I’m working on admissions to our undergraduate social work degree and am reading lots of UCAS forms. On one level it’s quite tedious as so many of the applications are very similar, yet it is interesting to observe the trends in people wanting to enter the profession.
It’s very hard for the sixth formers hoping to come straight from school. Even the applications from people who have tried to do some voluntary work still generally convey a naivety about the profession. Almost all mention Baby P, but it’s hard to quite imagine how they’ll be able to journey from where they are at now to being a professional social worker in just over three years.
Another noticeable factor is how most applicants want to go into social work with children and families. A few have experience of care work in residential homes and show an interest in working with older people but hardly anyone mentions wanting to work in mental health. I wonder about this and what it indicates about society’s concerns and attitudes.
Many applicants talk with real fervour and this seems especially true of the younger candidates. They want to ‘make a difference’, ‘care for people’, ‘change lives’. It’s refreshing to read this kind of open and passionate language and noticeable how you rarely you hear it when you’ve been in the profession a while.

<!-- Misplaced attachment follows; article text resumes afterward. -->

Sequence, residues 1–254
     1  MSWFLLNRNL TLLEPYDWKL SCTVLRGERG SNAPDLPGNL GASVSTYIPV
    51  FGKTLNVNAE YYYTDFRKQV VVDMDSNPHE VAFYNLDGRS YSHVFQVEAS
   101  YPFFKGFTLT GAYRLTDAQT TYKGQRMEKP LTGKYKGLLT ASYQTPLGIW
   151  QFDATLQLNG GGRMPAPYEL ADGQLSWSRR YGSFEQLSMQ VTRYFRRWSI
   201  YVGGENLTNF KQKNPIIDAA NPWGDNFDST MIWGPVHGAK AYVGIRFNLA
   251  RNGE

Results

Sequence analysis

In the evening I go to the cinema and watch the Richard Linklater film ‘Boyhood’. At one point the father tells his 18-year-old son ‘As you get older you develop a thicker skin… but this make you feel things less intensely’.
It’s an insightful observation and makes me think of all those keen young applicants. Maybe the profession can really gain from their passion and willingness to feel and engage so fervently. The thick skin of age has its drawbacks.
Today I’m off to a meeting with a student who has just started his placement. It’s at a social services office where, over a decade ago, I used to manage a team. As I walk in I am greeted by one of my old colleagues. The last time I saw her she was in her first year of social work training. I’m thrilled to see her again.
I ask about the other members of our old team. Some are here in the office and I even get to say hello in person. People have not only stayed, some are now in senior positions. It’s interesting to note my surprise at seeing old colleagues. I think I’m so used to social workers moving around or leaving the profession that I didn’t really expect that most of my old team would still be working for the same organisation 12 years later.
The colleague who initially greeted me tells me she now manages a team in children’s services.
‘You always believed in me’, she said.
I don’t often feel pride in my career. In fact I mainly look back on events with a nagging sense that I should have done more, but today I feel real pride that I played a small part in developing these great practitioners.
I receive an email from the team manager I met yesterday. I’m hoping to get her involved with talking to students at my university.
‘I can genuinely say I love my job’ she tells me. How great is that?